In this, one of the saddest episodes of the whole gospel, a young man’s great wealth, counter-intuitively, prevents him from doing what his heart desires most. His heart’s in the right place, but it’s divided: and when that realisation dawns on him, his sense of dejection is palpable.
No one hearing this account when it was first related would have doubted the then unquestioned view that health and wealth were unambiguous signs of divine blessing; and, conversely, disease, disability and poverty were unmistakeable signs of divine disfavour. The unavoidable corollary was that wealth was a reward for virtue and poverty a punishment for sin. But, yet again, Jesus calls into question the most commonplace assumptions of those around him.
Sympathetically, but bluntly, he tells the rich man that happiness will be his only if he gives away to the poor everything he owns and follows him. He is, of course, echoing what Matthew and Luke record in the Sermon on the Mount, namely, that it’s the “poor in spirit” – or, as Luke’s gospel has it, much more starkly, “the poor” – who, again counter-intuitively, are genuinely happy.
What seems to be suggested here is that dispossessing ourselves of what we own – or, what we think we own: disowning ownership, in other words – is indispensable for real, lasting happiness and fulfilment. I say “what we think we own”, the truth is that, except in a legal sense, we can’t in any real sense, be said to own or possess anything. How could we be said to possess anything, when we don’t possess even our lives? We may succeed in preserving our possessions from rust, moths, burglars, recessions and inflation, but we can’t preserve our actual selves to enjoy them endlessly.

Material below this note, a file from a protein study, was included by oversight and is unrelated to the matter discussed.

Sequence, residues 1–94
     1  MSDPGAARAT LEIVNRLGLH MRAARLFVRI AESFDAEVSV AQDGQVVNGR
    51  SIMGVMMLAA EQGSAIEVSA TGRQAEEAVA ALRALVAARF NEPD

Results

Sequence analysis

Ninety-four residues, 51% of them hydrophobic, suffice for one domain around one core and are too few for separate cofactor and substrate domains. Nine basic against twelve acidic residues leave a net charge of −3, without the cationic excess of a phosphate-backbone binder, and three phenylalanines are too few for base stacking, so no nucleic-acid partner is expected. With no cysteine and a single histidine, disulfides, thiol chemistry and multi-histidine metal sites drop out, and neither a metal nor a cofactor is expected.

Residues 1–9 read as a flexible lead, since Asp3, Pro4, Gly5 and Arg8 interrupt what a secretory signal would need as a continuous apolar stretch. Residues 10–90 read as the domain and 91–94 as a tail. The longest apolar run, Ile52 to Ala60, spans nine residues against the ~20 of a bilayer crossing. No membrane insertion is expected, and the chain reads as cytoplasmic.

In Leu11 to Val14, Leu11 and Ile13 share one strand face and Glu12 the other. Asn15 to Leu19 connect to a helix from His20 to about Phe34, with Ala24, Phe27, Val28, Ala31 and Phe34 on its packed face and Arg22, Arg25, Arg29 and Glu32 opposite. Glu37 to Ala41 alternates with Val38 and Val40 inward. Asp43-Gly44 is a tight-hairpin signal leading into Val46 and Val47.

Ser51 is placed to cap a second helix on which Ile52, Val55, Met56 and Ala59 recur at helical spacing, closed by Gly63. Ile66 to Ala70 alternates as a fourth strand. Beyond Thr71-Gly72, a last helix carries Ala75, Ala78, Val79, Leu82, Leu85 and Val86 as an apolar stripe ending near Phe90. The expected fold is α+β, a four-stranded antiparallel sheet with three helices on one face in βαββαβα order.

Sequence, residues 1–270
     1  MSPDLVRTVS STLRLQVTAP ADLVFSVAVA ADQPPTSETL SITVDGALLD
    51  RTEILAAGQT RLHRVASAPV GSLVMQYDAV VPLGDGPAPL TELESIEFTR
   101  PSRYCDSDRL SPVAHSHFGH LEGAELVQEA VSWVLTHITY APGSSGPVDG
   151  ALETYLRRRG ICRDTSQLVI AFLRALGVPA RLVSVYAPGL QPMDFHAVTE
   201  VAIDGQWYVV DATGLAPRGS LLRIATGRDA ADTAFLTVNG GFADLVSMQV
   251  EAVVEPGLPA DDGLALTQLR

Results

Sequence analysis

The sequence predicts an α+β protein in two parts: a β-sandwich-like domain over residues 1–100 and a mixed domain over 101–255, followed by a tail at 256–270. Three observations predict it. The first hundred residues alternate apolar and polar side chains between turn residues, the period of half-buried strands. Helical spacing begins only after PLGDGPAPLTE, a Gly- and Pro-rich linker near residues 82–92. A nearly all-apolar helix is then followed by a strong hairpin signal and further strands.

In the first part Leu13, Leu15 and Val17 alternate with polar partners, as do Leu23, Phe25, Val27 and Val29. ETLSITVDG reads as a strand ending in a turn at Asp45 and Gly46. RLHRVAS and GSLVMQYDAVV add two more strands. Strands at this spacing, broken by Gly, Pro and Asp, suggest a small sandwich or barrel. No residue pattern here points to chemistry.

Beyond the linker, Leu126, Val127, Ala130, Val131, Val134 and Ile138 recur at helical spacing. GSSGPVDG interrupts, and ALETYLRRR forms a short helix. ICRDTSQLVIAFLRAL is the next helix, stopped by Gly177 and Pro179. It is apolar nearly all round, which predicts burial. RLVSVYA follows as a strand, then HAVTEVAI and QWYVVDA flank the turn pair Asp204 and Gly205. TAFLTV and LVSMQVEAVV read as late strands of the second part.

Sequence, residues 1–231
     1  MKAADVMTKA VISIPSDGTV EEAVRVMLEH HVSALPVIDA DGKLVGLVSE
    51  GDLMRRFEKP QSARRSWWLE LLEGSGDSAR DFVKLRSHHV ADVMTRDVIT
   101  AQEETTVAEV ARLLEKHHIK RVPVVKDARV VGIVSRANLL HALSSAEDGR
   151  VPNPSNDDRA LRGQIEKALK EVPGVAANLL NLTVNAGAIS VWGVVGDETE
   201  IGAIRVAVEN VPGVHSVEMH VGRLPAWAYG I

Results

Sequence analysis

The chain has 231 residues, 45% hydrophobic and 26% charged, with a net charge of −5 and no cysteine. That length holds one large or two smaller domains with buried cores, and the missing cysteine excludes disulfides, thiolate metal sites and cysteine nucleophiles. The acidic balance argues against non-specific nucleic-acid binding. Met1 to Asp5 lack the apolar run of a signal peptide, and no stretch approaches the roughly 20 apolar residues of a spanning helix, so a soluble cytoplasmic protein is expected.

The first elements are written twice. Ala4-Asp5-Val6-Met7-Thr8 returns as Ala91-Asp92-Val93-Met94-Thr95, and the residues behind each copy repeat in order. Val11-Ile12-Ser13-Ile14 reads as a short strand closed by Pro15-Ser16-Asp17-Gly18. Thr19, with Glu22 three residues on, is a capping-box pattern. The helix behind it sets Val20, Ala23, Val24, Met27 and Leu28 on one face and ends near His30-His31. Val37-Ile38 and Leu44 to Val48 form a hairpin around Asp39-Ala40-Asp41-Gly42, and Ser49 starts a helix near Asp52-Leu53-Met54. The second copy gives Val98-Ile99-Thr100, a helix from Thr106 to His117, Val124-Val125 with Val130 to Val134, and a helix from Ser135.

Ownership, in other words, is an illusion, as pertinacious as it is, potentially, pernicious. But this radical teaching of Jesus isn’t just about the danger of possessions, real as that is. It’s about the heart and its desires. When the rich man asks what he has to do to attain eternal life, he’s not simply asking what rules he needs to keep and which duties he needs to fulfil, in order to achieve his goal – he’s done all that already, we’re told. His question goes much deeper. He’s giving expression to a desire that’s planted in the hearts of all of us: the desire, indeed, that makes the human heart what it is. The rich man has everything, we’re led to believe, but he stills lacks that which we all seek, by nature rather than by choice: namely, happiness.
Not just fleetingly felt happiness, but complete, lasting, true happiness, the happiness that satisfies every desire. Aristotle called it ε?δαιμον?α, Aquinas called it beatitudo: both mean the the well-lived life, a blessed life of full flourishing as the kind of beings we are, as human beings.
Aquinas, of course, knew what Aristotle couldn’t, namely, that perfect happiness is experienced only in friendship and communion with God, in which all are friendships and loves are earthed and rooted. Again counter-intuitively, or at least contrary to what most of us assume, the quest for happiness is the central and primary question with which morality is concerned: where is perfect happiness to be found?